On the other hand, those that choose to pay corporation tax fail to reap the benefits of a hard fought, 18-year battle between HMRC and the Unions.
Confusion Has Caused Reluctance
The greatest factor causing crews failure to use this tax exemption is a confusion over the number of days that can be spent in the UK.
Those who understand how the SED works understand that you may only spend a maximum of 183 days per tax year in the UK.
Accounting for these days can understandably cause some crew to panic and lost ticket stubs or travel evidence may cause them to avoid being proactive with their tax affairs.
Travel days can add to the confusion, however if you were in a country at midnight, it counts as a day.
What You Need to Do
We always advise our clients to be honest with the number of days spent in the UK but to always round them up.
Maintaining a folder to support your claim will also assist you in the event the HMRC decide to check that it is legitimate.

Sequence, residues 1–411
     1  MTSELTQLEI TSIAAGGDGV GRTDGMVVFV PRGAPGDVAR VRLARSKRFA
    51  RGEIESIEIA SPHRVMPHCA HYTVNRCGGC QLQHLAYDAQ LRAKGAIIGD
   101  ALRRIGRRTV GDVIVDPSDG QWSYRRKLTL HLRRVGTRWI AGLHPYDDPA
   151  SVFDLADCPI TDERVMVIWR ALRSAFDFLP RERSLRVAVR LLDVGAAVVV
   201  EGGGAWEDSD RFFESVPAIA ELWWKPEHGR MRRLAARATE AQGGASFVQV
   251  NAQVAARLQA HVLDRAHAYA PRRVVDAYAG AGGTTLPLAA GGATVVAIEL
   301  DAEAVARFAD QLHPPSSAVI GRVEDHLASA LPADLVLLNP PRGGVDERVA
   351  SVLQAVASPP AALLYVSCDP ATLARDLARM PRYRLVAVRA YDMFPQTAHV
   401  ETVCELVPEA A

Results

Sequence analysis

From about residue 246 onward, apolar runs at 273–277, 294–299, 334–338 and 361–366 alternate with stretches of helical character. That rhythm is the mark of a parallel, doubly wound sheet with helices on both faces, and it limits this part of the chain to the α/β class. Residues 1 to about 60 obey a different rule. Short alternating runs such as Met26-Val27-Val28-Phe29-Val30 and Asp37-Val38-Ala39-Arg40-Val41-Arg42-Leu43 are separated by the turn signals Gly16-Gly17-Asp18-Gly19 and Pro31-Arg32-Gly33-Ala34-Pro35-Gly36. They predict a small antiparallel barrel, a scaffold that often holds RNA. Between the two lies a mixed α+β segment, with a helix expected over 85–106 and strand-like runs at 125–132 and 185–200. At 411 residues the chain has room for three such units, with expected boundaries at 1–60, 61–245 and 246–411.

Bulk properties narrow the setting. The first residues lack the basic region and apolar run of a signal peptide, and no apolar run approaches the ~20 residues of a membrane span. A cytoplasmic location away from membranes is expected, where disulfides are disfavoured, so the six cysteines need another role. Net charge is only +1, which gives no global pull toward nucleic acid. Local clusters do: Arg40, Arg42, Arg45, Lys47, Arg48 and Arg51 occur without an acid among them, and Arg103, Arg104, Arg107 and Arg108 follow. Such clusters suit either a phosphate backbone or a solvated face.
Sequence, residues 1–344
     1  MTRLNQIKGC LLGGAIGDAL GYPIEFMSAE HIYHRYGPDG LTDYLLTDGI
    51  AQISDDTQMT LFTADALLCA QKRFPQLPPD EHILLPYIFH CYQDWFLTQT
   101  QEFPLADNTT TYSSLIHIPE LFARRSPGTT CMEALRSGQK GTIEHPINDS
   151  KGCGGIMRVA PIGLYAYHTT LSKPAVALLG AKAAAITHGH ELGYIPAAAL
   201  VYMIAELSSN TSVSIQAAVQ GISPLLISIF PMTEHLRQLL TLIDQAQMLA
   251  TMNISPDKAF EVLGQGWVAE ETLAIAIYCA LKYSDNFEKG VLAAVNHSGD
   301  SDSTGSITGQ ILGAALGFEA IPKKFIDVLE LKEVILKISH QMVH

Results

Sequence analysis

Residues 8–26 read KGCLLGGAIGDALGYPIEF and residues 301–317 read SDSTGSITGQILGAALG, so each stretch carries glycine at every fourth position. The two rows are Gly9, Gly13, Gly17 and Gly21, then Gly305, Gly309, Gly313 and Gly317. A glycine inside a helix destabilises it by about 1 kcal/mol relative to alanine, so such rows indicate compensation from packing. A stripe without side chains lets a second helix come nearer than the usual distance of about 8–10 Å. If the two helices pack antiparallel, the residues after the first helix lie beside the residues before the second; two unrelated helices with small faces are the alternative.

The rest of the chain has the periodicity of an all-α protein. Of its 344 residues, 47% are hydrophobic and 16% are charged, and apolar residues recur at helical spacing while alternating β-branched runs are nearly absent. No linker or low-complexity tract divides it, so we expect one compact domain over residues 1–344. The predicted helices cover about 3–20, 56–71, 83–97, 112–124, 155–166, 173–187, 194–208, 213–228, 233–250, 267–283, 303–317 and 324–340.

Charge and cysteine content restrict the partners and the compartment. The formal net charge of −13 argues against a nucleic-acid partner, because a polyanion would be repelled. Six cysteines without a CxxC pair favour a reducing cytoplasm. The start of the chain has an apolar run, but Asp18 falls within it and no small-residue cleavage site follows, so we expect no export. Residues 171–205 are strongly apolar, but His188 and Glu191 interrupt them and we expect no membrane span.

It is good practice to begin to keep various records to prove where you were located during any given 12 month period, including:
- air tickets
- travel vouchers
- hotel bills
- visas and passports
- your seafarer’s discharge book
Most of these now exist digitally and can be conveniently stored in the cloud for future reference.
You can also find the information needed to define qualifying periods at sea on the HMRC's Helpsheet 205.
How to Qualify
In order to qualify, any periods at sea must include a foreign port, so you can’t embark and disembark from the UK.
In addition, they are judged on the number of days outside of the UK.
HMRC have created a spreadsheet to try to help calculate if the number of days you have spent out of the country are sufficient to qualify.
However, as a result of its overly complex nature, this often prevents people from using it.
To overcome confusion and ensure that you are claiming the correct amount of exemptions, it is best to simply speak to an accountant or use an app.
Please see examples below:
It is arguable that more seafarers would utilise the exemption that they are entitled to if HMRC were to make it more understandable.
Furthermore, even those who do claim do not always do so correctly by failing to declare all of their income.